If Not Your Book, Then Someone Else’s

Oh the futility of avoiding your work because of what someone else might do with it!

I am an unabashed fan of Criminal Minds. Unabashed enough to admit that I leapt out of bed this morning when I remembered that last night’s episode was now available to view online and that I skipped a bit of my morning routine just to watch it before it was time to get writing.

Hashtag: No regrets. Hashtag: YOLO. Hashtag: Living my best life.

By the way, you should probably stop reading this if you don’t want spoilers because there’s a strong possibility of that.

Last night’s unsub and his accomplice were revealed to be fans of David Rossi’s bestselling books on criminology and serial killers in particular. They admit even to his work being a kind of inspiration to them which he appears to use to his advantage with confidence. Really, this makes him wonder about whether his books do more harm than good.

This came up before for Rossi when a budding criminologist (and fan of his work) stumbled onto and then into the path of a serial killer (also a fan of his work) and a guilt-riddled Rossi did everything he could to do right by her by catching her killer (and attempting to pay for her funeral).

At the end of this week’s episode, Rossi shares his concerns with the team and offer multiple examples of the good his book has done. And he shuts them down by reminding them of the Law of Porn/the Internet at the heart of the episode: If you can think of it, there is (or will be) a porn for it.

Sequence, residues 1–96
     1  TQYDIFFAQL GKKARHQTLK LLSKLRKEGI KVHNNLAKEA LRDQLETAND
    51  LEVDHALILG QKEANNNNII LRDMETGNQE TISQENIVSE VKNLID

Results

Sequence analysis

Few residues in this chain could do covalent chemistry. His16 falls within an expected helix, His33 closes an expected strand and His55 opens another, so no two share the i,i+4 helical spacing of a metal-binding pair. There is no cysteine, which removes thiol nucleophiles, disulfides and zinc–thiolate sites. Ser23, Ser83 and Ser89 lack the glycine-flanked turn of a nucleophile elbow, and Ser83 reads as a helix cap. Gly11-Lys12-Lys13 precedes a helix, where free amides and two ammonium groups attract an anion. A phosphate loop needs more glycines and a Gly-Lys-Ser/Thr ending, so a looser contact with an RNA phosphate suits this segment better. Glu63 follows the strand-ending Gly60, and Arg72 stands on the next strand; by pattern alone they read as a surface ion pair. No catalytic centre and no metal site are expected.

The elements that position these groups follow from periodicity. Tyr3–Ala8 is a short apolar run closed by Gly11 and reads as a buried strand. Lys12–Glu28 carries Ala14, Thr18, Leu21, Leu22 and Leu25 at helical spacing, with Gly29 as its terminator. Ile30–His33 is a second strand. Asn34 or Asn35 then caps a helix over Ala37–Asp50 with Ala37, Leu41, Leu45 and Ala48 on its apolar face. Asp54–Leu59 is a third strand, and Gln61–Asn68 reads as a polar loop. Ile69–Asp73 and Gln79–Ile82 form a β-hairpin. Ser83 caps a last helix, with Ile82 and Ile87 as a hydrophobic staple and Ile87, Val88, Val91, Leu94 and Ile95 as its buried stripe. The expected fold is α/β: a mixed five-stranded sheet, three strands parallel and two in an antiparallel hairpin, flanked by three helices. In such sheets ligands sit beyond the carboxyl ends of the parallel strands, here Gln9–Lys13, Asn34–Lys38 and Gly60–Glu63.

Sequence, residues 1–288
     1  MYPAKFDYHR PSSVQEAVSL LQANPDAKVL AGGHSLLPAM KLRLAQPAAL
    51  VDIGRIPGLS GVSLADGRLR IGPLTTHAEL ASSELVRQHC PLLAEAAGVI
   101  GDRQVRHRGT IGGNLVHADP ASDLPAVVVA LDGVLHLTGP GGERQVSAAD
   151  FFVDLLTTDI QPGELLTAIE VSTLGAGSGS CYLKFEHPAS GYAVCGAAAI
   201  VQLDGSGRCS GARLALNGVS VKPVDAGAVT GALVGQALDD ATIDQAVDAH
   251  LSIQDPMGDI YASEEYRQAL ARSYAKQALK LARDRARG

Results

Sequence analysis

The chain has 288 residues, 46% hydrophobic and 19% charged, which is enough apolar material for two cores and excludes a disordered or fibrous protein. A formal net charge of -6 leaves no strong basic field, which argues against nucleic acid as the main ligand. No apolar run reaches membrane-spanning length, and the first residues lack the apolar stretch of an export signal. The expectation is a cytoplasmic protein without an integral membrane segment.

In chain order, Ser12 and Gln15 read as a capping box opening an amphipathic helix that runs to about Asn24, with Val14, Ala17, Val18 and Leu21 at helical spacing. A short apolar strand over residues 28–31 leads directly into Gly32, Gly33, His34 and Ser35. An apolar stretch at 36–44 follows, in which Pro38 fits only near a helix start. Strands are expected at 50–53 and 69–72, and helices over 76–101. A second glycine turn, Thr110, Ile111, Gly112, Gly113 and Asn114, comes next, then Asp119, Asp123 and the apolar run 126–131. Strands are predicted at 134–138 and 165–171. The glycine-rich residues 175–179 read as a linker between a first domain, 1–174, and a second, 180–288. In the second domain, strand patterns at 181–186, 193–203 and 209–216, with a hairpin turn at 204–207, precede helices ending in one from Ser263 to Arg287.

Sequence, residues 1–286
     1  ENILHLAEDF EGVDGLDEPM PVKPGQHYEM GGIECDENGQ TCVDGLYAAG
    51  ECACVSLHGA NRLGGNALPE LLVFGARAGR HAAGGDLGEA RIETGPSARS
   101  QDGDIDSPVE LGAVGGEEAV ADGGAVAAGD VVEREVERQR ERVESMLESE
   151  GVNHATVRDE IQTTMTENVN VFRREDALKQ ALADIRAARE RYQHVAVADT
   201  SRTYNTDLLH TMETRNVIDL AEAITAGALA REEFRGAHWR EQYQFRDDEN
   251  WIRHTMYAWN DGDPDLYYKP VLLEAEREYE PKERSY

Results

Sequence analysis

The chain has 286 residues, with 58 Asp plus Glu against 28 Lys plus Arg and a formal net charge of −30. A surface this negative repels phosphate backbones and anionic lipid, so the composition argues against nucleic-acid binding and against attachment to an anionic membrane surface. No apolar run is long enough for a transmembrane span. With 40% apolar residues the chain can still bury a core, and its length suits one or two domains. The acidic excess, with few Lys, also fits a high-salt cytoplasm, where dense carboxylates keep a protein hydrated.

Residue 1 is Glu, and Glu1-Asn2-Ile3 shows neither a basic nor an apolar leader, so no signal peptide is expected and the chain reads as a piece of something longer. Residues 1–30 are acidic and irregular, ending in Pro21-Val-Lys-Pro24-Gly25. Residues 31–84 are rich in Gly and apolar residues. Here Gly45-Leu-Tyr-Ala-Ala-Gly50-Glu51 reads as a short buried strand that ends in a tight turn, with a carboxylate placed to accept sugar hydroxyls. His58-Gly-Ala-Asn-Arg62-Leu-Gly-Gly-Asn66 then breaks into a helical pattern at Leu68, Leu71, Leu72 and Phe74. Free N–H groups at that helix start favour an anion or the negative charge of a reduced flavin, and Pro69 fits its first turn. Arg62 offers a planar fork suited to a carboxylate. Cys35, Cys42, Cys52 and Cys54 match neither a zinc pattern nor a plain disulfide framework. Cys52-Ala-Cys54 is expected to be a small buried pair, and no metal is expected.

The idea being with so many books published and so many deviants in the world that the amount of harm done far outweighs somehow the number of criminologists trained and killers caught. The team says nothing in response to him because that’s how the end was scripted.

Allow me to go off script with what I would have said to Rossi in response: What happened here is not your fault. If it hadn’t been your books, it would have been someone else’s and you wouldn’t have had the advantage of knowing your books inside and out plus everything you ultimately edited out of your books.

I get this whole writer-beats-self-up-over-criminal-using-their-book-as-blueprint-for-committing-heinous-acts thing is a trope. But you know what’s also a trope: writer knows book and research behind book waaaaaay better than the criminal and catches their dumb copycat butt.

Bones, Castle, and Instinct are just three series centered on writers whose work has been misused and who then are launched into crime-solving careers. Heck, if you believe that any religious text is truly the word of God, then you could view any and all religious wars as people who were going to go to war anyway twisting God’s word to suit them.

How sh*tty must God feel, am I right?

But the replicated/inspired crimes would have happened anyway, even if they had some other writing to focus their deviant fantasizing. But by being a crime-solving writer, you have a distinct advantage because you did research. There is so much more that went into your book that the criminal can only begin to dream about while you lived with it all through the writing.

It sucks to have your words twisted and used against the things/people you value. But that’s literally every manipulative conversation ever. That’s f*cking gaslighting.

It sucks and it hurts and it makes you never want to open your mouth again.

The question isn’t whether speaking/writing does more harm than good (at least that way you can address mistakes as they arise).

The question is whether your silence does more harm than good.


Originally published at Better Storytelling.